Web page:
Since installing d1h requires adding experimental to sources.list, there should be a step about pkg pinning, something like:

In order not to upgrade your whole system to experimental, add a file /etc/apt/preferences.d/stay-on-ascii
with following content:

Package: *
Pin: release a=ascii
Pin-Priority: 900

Package: *
Pin: release a=experimental
Pin-Priority: 500

Its not a bad idea.
dist-upgrade _will_ go there if it needs to.
(guess it depends what you have from experimental)

Doesn't seem to break anything.

Wouldn't hurt to check your default release (if any) in /etc/apt/apt.conf.d/*
(even when set to jessie I was getting stuff auto included from experimental)


Own your own tools.
Break them your way.

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#18 2017-07-22 01:22:09

sherdlu
Member
Registered: 2017-07-10
Posts: 1

Re: Using d1h (a.k.a. "Devuan packaging made easier")

I found the article very usefull.  For my suitation (starting from an existing devuan project) I used some alternate and/or additional steps.  I am starting partway down the d1h workflow.

IMPORT REPOSITORY

* Make a directory to work in
I am on the 8th attempt.  smarter persons may do it in less.
 

  $ cd
  $ mkdir -p Devuan/reportbug8
  $ cd Devuan/reportbug8

Get a copy of the repository
 

$ gbp clone https://git.devuan.org/devuan-packages/reportbug.git

or, equivalently:
 

$ git clone https://git.devuan.org/devuan-packages/reportbug.git reportbug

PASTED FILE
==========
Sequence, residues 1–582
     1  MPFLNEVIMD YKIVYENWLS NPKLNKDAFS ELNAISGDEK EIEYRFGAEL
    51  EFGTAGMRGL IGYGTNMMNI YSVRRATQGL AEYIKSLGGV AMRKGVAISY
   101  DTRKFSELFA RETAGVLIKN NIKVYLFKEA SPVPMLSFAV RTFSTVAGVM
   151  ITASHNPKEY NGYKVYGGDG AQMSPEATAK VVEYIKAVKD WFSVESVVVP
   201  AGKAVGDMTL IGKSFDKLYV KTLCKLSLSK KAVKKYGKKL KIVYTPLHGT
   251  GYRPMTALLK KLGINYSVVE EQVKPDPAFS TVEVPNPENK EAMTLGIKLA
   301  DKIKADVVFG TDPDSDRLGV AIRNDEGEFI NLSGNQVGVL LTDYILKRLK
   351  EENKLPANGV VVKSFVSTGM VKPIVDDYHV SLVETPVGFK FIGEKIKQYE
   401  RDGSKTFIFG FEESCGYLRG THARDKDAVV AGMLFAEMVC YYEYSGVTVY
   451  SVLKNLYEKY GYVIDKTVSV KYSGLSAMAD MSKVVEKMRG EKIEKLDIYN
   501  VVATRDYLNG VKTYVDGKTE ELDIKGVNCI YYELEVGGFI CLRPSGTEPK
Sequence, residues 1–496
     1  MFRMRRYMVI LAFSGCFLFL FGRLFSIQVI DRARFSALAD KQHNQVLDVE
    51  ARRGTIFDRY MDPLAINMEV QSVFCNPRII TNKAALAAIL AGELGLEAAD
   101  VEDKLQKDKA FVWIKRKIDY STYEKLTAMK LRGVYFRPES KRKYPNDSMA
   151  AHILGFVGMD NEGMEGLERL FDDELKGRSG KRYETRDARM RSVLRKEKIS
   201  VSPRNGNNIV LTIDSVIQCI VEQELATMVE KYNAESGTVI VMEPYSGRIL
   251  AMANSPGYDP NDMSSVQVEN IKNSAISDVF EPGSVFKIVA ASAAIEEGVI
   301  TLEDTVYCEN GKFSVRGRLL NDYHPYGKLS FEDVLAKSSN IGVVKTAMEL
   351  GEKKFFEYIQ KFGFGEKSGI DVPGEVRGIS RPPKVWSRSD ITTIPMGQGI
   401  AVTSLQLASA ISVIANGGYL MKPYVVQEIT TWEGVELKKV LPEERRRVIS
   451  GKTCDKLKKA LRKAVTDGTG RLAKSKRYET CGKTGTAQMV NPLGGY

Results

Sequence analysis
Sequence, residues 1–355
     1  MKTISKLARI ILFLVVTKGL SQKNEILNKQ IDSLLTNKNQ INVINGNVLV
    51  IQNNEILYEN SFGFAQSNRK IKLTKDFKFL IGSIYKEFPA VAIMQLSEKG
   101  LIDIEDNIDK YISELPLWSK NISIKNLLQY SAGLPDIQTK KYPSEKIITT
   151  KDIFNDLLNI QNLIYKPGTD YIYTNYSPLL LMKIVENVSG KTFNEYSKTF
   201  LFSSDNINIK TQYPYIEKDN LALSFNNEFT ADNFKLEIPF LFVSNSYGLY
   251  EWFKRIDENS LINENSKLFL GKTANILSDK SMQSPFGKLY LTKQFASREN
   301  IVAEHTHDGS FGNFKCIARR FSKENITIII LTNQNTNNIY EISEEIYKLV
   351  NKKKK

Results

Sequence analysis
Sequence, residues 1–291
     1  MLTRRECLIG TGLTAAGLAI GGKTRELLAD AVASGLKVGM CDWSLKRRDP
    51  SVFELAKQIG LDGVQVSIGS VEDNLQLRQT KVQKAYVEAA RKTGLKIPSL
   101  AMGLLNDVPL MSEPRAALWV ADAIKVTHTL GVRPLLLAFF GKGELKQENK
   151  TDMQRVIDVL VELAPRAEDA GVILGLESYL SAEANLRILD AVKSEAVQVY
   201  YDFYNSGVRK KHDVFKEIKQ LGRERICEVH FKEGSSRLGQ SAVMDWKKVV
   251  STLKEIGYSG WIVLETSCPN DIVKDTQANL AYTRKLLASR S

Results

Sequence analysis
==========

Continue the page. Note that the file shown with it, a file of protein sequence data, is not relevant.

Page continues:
Then, dive down into the directory which contains the repository
 

$ cd reportbug
PREPARE

KatolaZ has suggested I put my repo in 'suites/ascii-proposed'.

$ d1h prepare ascii-proposed
SWITCH TO THE NEW BRANCH
$ d1h switch ascii-proposed
RESET --HARD

Here I had a problem.  My system is at version 'jessie'.  Apt-cache policy reportbug shows:

reportbug:
  Installed: 6.6.3+devuan1.3
  Candidate: 6.6.3+devuan1.3
  Version table:
*** 6.6.3+devuan1.3 0
        500 http://ca.mirror.devuan.org/merged/ jessie/main amd64 Packages
        100 /var/lib/dpkg/status

But I want to continue on from the version in ascii.

The solution is/was:   take a look at ascii to find a version number or tag

$ d1h switch ascii

'gitk' shows the head is tagged '7.1.6+devuan2.1', so switch back to the branch I will be using, and do the 'git reset':

$ d1h switch ascii-proposed
$ git reset --hard tags/7.1.6+devuan2.1

There is some clean-up required.  The 'git reset --hard' changes 'debian/gbp.conf'; so

$ (edit debian/gbp.conf; change it back to 'ascii-proposed')
TEST BUILD

In debian/control
  added myself to the 'Uploaders:' line.

In reportbug/__init__.py
  set a new version  (7.1.6+devuan2.2)

Commit all outstanding changes.

Update the changelog file:

$ d1h bump 7.1.6+devuan2.2

commit the modified changelog

Do the test build

$ d1h testbuild
Other notes

gpg key

You will need to have created a gpg key set

$ gpg --gen-key

Upload the public key

$ gpg --send-keys --keyserver hkp://keys.gnupg.net <key id, or fingerprint>

gitk
gitk is great.  fire it up as soon as you have changed to the repository directory.  Use it to start git-gui, git-gui makes 'commits' easy.